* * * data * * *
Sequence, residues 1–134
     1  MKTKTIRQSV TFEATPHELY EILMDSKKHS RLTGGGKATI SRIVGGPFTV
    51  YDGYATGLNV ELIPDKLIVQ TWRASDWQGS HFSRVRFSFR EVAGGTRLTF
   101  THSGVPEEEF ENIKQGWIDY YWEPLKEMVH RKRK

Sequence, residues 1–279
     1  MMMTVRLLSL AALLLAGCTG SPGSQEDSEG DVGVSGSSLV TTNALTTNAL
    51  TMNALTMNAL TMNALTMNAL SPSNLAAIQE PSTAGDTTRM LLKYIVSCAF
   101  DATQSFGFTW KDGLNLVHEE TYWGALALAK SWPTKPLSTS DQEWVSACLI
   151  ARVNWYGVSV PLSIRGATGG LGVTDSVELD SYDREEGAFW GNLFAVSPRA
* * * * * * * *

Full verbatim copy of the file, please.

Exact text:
Sequence, residues 1–134
     1  MKTKTIRQSV TFEATPHELY EILMDSKKHS RLTGGGKATI SRIVGGPFTV
    51  YDGYATGLNV ELIPDKLIVQ TWRASDWQGS HFSRVRFSFR EVAGGTRLTF
   101  THSGVPEEEF ENIKQGWIDY YWEPLKEMVH RKRK

Sequence, residues 1–279
     1  MMMTVRLLSL AALLLAGCTG SPGSQEDSEG DVGVSGSSLV TTNALTTNAL
    51  TMNALTMNAL TMNALTMNAL SPSNLAAIQE PSTAGDTTRM LLKYIVSCAF
   101  DATQSFGFTW KDGLNLVHEE TYWGALALAK SWPTKPLSTS DQEWVSACLI
   151  ARVNWYGVSV PLSIRGATGG LGVTDSVELD SYDREEGAFW GNLFAVSPRA